Please use this identifier to cite or link to this item: http://hdl.handle.net/2122/8944
AuthorsFalsaperla, S.* 
Barberi, G.* 
Cocina, O.* 
TitleThe failed eruption of Mt. Etna in December 2005: evidence from volcanic tremor analyses
Issue Date6-Dec-2013
Series/Report no.12/14 (2013)
DOI10.1002/2013GC004976
URIhttp://hdl.handle.net/2122/8944
Keywordstime series analysis
volcano seismology
volcano monitoring
neural network and fuzzy logic
seismic tomography
Subject Classification04. Solid Earth::04.06. Seismology::04.06.08. Volcano seismology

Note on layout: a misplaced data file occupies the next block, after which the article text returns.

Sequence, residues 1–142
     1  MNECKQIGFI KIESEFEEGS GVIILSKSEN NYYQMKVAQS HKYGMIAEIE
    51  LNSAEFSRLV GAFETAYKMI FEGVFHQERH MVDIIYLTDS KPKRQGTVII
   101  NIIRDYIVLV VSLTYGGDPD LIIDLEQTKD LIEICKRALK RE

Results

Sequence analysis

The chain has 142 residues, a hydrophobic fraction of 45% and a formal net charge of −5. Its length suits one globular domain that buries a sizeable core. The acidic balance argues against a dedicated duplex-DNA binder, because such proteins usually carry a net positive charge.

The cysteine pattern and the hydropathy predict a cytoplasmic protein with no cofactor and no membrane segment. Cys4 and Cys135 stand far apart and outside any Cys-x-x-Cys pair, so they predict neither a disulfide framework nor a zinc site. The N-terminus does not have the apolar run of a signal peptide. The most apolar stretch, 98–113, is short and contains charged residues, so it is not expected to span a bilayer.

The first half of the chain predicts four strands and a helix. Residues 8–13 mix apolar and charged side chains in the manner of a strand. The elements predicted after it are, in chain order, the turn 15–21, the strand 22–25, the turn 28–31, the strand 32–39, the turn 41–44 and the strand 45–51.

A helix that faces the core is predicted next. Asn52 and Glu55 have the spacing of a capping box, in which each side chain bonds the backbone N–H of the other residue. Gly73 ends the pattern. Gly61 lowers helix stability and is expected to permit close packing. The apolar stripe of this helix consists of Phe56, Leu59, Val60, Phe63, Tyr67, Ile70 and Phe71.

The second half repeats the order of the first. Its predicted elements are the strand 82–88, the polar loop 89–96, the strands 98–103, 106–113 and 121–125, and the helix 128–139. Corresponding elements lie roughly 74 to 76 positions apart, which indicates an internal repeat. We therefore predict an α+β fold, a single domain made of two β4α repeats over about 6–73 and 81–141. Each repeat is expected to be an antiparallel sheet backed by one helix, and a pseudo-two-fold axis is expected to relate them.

AbstractStrong changes in seismic radiation, comparable to those preceding and/or accompanying eruptive activity in recent years, were recorded at Mt. Etna volcano, Italy, from November 2005 to January 2006. The amplitude of volcanic tremor peaked in mid-December 2005 after a continuous, slow increase from August 2005 onwards, during which neither effusive nor paroxysmal activity was observed by volcanologists and alpine guides. During this time span, the centroid locations of volcanic tremor moved towards the surface, more and more clustered below the summit craters. The application of pattern classification analysis based on Self-Organizing Maps and fuzzy clustering to volcanic tremor data highlighted variations in the frequency domain as well. These changes were temporally associated with ground deformation variations, as indicative of a mild inflation of the summit of the volcano, and with a conspicuous increase in the SO2 plume-flux emission. Overall, we interpret this evidence as the result of recharging of the volcanic feeder at depth (> 3 km below sea level) during which magma did not reach the shallow plumbing system.
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